• Spire reports jump in NHS work
  • £293m in NHS funded revenue in 2016 is a significant year on year rise
  • Company suggests NHS work will continue to increase

Private hospital group Spire Healthcare saw the size of its NHS business grow from £262m in 2015 to £293m in 2016, it announced on Thursday.

The company is one of England’s largest private hospital groups and has 38 sites across the UK.

NHS work was the second largest source of its income in 2016 after rising by 13 per cent year on year. Income from patients paid for by private medical insurers was down by 1.3 per cent to £429m, and self-pay patients up by 9 per cent to £170m of revenue.

Spire gets 80 per cent of its private work from direct referrals from patients who have selected it from the Choose and Book system. The remainder of the NHS work comes from work referred from NHS trusts.

Executive chair Garry Watts told analysts the number of referrals from trusts varied significantly across the 44 sustainability and transformation plan areas.

He said: “The range of referrals for hip and knee [surgery] into private [hospitals] goes from 60 per cent to zero. Whether that comes from adequate provision or ideology or whatever.”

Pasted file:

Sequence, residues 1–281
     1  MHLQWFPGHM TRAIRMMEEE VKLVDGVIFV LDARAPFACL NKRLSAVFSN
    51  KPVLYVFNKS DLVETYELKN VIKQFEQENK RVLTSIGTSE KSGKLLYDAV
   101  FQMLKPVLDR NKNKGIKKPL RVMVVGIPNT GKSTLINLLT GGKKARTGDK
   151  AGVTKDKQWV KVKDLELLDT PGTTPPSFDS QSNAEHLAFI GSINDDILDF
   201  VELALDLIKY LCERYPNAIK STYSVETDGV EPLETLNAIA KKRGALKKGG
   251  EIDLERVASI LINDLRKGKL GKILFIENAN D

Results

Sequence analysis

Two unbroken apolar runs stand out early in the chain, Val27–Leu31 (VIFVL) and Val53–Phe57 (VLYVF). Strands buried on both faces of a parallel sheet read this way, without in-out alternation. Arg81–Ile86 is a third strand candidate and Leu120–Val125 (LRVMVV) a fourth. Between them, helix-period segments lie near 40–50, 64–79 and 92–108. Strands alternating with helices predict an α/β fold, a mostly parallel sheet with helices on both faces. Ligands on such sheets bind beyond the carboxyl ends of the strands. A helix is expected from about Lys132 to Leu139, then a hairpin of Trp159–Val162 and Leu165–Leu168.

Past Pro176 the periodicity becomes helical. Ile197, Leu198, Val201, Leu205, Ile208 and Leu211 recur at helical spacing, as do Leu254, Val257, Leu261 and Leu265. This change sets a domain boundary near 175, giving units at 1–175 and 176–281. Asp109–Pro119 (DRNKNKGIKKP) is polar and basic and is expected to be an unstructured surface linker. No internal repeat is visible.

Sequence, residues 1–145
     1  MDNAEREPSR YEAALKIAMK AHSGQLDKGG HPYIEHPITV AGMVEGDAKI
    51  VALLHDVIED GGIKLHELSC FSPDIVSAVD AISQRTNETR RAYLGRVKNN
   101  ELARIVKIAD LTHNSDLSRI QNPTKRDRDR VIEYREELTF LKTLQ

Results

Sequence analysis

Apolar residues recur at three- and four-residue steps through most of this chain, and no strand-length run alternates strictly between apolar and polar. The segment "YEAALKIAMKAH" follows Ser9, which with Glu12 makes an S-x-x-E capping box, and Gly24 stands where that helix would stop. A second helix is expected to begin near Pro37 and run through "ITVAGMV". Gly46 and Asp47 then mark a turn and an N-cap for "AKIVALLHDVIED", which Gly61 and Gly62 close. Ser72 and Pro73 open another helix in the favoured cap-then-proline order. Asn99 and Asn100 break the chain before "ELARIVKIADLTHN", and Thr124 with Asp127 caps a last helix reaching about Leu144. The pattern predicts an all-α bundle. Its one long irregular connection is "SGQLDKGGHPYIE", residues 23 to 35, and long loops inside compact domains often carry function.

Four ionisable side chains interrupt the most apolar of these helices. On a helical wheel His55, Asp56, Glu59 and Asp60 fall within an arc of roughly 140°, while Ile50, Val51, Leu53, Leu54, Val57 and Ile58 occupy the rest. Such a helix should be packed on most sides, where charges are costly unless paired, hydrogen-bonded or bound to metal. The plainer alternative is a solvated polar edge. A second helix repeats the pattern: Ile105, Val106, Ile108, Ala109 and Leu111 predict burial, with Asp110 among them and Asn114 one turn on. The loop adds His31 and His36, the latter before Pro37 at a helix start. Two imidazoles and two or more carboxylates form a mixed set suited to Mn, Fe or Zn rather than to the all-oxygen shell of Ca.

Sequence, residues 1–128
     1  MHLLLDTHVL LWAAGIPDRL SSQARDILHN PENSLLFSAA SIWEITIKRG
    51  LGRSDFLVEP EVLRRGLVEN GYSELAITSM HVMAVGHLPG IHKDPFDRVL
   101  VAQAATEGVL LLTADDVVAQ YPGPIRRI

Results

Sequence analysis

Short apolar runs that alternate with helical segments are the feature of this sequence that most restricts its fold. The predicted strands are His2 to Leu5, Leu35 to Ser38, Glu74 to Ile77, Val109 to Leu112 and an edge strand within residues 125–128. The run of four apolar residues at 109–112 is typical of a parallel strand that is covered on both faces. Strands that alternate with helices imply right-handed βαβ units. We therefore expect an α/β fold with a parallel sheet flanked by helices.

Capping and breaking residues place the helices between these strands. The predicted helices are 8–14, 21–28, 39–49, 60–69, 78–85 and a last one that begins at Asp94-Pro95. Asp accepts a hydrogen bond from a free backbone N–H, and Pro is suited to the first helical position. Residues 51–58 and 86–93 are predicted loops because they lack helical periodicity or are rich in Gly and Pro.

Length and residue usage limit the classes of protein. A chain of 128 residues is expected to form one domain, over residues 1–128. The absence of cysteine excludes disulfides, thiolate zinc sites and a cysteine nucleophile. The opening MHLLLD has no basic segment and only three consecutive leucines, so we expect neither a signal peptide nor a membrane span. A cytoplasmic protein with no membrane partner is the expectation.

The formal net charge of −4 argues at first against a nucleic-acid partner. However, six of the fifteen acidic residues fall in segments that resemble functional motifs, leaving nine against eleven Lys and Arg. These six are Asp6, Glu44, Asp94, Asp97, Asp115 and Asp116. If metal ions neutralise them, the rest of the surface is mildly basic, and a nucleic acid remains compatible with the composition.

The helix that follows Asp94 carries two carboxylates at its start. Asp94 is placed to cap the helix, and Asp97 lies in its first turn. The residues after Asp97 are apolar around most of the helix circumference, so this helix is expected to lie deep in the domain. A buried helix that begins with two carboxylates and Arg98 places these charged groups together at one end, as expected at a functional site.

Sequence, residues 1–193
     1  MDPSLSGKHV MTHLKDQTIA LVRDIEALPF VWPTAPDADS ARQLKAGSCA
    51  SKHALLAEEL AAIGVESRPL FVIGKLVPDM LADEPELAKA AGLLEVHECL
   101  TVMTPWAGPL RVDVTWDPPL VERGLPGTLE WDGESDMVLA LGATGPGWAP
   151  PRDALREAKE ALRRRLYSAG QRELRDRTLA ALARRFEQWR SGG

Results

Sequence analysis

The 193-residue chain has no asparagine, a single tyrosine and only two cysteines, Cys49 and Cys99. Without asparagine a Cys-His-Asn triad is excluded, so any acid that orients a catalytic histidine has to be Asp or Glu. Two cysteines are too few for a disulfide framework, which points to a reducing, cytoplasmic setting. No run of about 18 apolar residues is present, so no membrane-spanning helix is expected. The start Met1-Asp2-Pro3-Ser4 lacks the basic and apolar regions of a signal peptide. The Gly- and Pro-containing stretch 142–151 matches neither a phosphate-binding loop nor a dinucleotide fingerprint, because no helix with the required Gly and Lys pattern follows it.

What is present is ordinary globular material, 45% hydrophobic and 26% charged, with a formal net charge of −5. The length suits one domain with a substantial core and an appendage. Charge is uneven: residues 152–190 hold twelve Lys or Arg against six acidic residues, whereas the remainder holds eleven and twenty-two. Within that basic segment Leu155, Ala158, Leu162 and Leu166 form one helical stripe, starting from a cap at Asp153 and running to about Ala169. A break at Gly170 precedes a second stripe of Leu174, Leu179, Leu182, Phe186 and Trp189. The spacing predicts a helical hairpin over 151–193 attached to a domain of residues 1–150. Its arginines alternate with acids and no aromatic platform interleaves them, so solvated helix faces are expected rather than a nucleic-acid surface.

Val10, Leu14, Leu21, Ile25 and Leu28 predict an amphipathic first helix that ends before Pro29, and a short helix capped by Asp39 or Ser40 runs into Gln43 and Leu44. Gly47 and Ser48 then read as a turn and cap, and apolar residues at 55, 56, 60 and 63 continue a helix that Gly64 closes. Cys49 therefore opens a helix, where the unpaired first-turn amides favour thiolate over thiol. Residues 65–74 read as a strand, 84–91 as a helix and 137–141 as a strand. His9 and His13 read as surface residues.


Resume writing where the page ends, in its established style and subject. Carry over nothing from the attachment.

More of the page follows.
He said agency costs were one of his major concerns for NHS work over the coming year and this could be made worse if the government restricted foreign workers from working in the health sector.

Finance director Simon Gordon said changes to the NHS tariff rate would knock 3.9 per cent off its revenue from April 2017, equivalent to £7m.

At the announcement of its trading results on Thursday morning, the company reported overall revenue of £926m, up from £885m in 2015.

The company’s presentation profits had fallen from £60m in 2015 to £54m in 2016. This was put down to losses made at St Anthony’s Hospital in south London,

Spire is aiming for earnings before interest, tax, depreciation and amortisation of £162m in 2017.

All Spire hospitals have now undergone a Care Quality Commission inspection, which was identified as a significant cost for the organisation. Of the 20 whose reports had been released, two-thirds received a good rating and a third were rated requires improvement.

The company’s executives said a new hospital in Nottingham was expected to open by Easter, following a new facility already open in Manchester.

Mr Watts said he hoped to have an announcement to make later this year about expanding in London.